Plastic polls

Occasionally, a writer will use the results of a public opinion poll to bolster an argument or support an opinion. While the publication of these poll results was most likely intended to do just that, such use is a logical fallacy. While appealing to an expert opinion is sometimes an acceptable argument, appealing to uninformed opinion never is.

Only a weak mind is convinced of the truth of something by citing the opinion of a majority. Majorities are often wrong. Don’t follow the masses, because sometimes the “m” is silent.

This error is compounded by the fact that these polls are not scientific. Anyone who believes that these polls are scientific need look no further than the polls taken prior to the 2016 election. Those who bought into the accuracy of these polls made bold statements about the impossibility of Trump winning the election.

It turned out that these polls missed by sometimes double digits.

There are two reasons for the inaccuracy. The first is that they do not have either a random or representative sample. Part of this is by design, because most of these polling institutions have a bias. The other part is that it is impossible to get a random or representative sample when those polled have the option to decline participation, or to give deceptive answers.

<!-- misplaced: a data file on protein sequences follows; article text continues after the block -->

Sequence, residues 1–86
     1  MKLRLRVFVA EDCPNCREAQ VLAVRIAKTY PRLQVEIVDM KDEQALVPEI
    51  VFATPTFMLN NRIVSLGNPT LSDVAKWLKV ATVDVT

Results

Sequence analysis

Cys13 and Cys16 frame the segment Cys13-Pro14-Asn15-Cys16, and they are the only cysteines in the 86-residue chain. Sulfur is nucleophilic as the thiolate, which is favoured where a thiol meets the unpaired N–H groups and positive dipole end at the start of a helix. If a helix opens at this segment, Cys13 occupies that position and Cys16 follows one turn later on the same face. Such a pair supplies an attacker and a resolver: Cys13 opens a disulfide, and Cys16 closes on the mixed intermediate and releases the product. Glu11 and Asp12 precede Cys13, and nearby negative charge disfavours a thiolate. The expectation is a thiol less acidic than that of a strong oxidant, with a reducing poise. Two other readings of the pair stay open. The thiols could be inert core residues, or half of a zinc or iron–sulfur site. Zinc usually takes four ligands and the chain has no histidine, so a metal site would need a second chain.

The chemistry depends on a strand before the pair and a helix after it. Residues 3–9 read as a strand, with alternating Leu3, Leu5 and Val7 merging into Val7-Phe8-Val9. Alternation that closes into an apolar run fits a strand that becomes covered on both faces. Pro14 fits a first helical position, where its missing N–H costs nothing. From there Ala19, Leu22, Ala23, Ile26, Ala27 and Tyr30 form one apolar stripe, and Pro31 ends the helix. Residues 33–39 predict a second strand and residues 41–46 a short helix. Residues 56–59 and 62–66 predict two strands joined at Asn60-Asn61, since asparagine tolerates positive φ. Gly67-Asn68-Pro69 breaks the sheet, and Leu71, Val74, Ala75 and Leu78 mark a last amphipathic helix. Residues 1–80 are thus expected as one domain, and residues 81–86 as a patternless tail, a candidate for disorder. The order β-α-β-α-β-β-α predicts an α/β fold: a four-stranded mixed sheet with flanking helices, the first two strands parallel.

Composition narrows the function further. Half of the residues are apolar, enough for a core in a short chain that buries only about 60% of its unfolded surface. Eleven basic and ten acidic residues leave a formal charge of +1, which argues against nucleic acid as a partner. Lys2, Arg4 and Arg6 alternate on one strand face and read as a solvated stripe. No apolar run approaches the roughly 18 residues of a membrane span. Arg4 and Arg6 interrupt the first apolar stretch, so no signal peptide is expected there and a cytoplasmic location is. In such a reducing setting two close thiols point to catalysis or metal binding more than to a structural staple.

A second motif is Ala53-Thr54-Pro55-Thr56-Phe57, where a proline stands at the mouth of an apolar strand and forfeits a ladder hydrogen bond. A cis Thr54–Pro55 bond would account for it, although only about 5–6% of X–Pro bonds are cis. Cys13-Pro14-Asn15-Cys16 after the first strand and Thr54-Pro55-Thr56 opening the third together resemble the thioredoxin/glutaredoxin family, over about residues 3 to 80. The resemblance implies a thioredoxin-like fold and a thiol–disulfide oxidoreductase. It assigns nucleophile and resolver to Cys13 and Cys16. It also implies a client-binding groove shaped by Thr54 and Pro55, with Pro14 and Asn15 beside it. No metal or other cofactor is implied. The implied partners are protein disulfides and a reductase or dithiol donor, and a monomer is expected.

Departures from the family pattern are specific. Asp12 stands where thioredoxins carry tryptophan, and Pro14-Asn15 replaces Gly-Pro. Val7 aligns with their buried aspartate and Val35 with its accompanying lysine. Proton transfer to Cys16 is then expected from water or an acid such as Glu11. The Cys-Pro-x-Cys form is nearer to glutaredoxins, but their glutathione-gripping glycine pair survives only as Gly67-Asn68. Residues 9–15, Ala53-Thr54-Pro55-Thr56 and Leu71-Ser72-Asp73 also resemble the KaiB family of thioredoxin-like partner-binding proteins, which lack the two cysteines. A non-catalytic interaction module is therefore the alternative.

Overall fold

The other way pollsters try to shape public opinion rather than test it is through the use of leading questions. A poll question might go like this, “If it were proved that President Trump had colluded with the Russians to interfere in the election, would you favor impeachment?” The result would then be reported as, “75% of all Americans favor impeaching Trump over Russian collusion.” Notice, the conclusion left out the qualifying “IF”.

Few people will read the poll, but will read a press summary of the pollster’s abstract of the poll. What our friends writing letters are reporting is a fourth hand account.

What makes this use of polling data more ridiculous is that the writers themselves would not be convinced if they saw a poll they disagreed with. Can you imagine one of our liberal friends deciding that Trump was a great president because of a poll showing he had an approval rating of 80 percent. They would just think Americans had lost their minds.

The only thing I care less about than public opinion is unsupported opinion. If you want to convince people you are right, you need facts. Not fake news or biased opinion, but facts with logical, well-reasoned conclusions.

Paul Rinker